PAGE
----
Erin Freed was born in Fort William, Ontario, and moved to Neepawa, Manitoba as a young child. Erin studied with the Manitoba Department Of Health as a Radiological Technologist in the early seventies. Upon receiving her diploma, Erin moved with her family to Calgary, Alberta.
As a young mom Erin raised her two daughters and continued her career in X-Ray technology, which is still her ‘day job’. Erin spent her spare moments painting with acrylics.
In 1998 Erin applied and was accepted into Alberta College Of Art and Design. Studying part time, Erin graduated in 2006 with her BFA degree.In college, Erin majored in ceramics, and has since returned to painting as well. Subjects for painting range from knotty old trees to brilliant flowers to rusty old hinges. There is a sense of history to these paintings of day to day work, small things we don’t often stop to look at.
Erin seeks to unite her painting with her work in ceramics. She handbuilds ceramic fairy garden houses conveying wonder and humour in her work. And a quirky sense at that.
Erin enjoys her grandchildren, yoga, cats, and garden. Erin also enjoys spending time with her friends, travelling, walking, and eating.
Artists engage the senses of touch, hearing and sight, and the emotions, in their audiences. When this happens, change occurs in that same audience. Modern day institutions work with interactive, hands on ideas to educate their viewers. Interaction also occurs in the public realm of large publicly funded and very public art institutions. Less public artists use interaction as well to engage their audience.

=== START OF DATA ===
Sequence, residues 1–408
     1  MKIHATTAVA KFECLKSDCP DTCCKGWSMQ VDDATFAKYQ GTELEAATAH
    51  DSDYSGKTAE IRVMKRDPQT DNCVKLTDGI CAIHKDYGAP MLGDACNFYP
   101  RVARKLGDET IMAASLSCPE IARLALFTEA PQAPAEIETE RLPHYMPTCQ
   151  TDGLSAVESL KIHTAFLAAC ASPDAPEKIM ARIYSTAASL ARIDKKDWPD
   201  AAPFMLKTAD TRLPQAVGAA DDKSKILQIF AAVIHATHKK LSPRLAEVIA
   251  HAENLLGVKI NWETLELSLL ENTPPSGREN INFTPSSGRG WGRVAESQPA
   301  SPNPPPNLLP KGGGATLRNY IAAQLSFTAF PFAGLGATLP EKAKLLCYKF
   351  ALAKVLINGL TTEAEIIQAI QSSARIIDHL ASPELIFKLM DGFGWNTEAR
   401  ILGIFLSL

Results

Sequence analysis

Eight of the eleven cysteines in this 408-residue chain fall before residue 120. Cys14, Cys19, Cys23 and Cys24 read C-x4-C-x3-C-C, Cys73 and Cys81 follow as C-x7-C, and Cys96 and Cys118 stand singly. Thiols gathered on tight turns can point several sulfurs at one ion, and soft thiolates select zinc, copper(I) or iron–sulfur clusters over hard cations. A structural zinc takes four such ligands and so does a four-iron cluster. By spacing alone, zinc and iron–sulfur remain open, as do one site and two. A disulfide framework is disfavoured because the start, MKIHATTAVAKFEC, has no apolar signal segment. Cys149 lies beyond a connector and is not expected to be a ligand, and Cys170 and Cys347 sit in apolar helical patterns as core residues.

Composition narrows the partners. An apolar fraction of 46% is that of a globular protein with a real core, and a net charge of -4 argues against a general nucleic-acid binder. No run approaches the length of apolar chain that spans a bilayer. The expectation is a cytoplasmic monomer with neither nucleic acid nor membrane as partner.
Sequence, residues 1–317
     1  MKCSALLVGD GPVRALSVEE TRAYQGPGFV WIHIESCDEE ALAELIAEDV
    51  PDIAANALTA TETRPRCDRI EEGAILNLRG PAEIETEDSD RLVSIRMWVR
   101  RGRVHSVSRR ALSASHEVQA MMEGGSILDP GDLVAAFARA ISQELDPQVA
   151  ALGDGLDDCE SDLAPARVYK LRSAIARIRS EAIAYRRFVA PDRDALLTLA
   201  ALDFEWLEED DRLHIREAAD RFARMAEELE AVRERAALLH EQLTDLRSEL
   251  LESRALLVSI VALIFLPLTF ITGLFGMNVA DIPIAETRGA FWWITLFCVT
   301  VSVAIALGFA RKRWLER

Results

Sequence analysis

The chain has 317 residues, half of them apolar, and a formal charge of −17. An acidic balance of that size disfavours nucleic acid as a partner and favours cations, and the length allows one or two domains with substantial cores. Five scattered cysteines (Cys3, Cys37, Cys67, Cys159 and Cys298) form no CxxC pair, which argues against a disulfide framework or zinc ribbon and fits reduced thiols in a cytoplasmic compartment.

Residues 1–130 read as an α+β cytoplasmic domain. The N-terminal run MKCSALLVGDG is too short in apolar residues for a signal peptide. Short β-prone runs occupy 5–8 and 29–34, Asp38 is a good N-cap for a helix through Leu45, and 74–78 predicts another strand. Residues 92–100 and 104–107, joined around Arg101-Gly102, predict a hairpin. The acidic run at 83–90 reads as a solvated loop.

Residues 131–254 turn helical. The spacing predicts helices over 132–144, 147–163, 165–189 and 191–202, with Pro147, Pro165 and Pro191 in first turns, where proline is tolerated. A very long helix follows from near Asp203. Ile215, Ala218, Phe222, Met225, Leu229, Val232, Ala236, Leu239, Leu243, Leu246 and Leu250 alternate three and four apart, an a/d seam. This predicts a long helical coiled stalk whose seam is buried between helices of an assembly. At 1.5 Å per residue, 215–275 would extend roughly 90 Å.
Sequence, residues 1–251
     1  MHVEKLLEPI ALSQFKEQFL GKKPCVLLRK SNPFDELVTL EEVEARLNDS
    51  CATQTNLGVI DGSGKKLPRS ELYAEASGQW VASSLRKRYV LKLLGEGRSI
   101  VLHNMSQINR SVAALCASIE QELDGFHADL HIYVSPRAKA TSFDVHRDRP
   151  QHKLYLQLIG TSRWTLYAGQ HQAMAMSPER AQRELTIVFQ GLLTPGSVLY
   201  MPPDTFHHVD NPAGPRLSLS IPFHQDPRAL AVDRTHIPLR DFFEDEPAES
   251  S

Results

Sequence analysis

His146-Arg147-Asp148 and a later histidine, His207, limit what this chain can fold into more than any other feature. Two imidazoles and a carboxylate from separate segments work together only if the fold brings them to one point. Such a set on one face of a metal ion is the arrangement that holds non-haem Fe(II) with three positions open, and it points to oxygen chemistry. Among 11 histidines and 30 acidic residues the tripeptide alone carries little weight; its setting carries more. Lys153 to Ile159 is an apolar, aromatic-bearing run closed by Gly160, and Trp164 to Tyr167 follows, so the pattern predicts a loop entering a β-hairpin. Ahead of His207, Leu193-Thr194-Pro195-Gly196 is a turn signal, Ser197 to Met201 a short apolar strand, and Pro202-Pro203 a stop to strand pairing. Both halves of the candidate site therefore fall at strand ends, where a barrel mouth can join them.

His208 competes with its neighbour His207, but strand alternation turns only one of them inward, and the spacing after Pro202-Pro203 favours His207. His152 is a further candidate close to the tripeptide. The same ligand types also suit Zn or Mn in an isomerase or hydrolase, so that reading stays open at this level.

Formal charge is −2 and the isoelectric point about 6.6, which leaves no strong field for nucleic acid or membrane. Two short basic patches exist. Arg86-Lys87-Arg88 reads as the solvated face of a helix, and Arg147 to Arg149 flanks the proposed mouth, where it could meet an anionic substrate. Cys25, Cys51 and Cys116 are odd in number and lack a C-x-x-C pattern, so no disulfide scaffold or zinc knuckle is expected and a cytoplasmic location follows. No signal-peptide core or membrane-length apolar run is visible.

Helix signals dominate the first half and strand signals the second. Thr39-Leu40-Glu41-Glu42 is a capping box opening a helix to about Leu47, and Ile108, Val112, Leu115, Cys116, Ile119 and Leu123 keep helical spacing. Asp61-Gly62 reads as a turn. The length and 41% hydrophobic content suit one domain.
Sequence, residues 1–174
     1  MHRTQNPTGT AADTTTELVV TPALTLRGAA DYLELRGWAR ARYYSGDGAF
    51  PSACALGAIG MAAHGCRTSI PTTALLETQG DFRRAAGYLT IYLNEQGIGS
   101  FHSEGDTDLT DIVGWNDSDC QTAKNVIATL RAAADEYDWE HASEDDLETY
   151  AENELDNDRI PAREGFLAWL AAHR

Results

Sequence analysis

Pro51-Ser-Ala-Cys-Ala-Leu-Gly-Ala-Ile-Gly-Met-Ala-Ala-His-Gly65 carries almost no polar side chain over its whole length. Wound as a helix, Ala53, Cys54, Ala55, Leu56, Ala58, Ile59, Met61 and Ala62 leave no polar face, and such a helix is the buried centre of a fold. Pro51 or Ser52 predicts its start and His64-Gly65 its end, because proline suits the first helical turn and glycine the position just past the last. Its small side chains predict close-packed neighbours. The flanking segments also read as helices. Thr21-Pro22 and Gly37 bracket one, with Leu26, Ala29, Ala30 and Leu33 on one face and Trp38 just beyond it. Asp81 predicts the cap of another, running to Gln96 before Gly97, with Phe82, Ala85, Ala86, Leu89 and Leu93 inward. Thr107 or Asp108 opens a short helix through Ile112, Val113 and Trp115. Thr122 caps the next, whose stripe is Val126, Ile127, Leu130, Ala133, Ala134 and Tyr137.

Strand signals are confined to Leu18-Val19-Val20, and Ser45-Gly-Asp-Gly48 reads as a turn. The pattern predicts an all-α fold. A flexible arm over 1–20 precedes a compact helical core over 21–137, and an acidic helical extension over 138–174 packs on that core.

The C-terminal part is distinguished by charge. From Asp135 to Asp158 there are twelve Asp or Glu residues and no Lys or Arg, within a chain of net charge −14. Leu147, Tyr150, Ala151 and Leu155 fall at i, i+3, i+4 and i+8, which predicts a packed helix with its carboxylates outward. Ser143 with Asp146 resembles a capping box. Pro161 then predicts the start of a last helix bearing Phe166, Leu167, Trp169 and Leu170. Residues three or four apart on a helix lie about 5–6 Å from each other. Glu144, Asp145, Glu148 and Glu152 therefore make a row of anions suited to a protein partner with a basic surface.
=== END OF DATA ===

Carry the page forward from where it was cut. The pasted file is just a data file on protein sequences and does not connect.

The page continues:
I like to engage the emotive senses while providing visual stimuli. I respond to nature, engaging myself as audience and artist simultaneously. Working with images of trees, I begin to relate tree limbs to the human body, a forest to society.
As a ceramic artist I primarily use low fire, cone four clay, and medium fire, cone six clay. With both temperatures I use under-glazes, glazes and carving. I do some limited production, but am more interested in taking simple forms such as bowls to create one of a kind pieces.
In painting I use acrylics on canvas in a wide assortment of sizes. My colours are generally bright. I work with closeup photographs or still life arrangements to achieve a more intimate connection with the viewer.
At this point my practice moves forward, into self discovery. Self discovery leads to a deeper understanding of nature and the human condition. Self discovery leads even deeper to primal energy, that core energy of the universe.”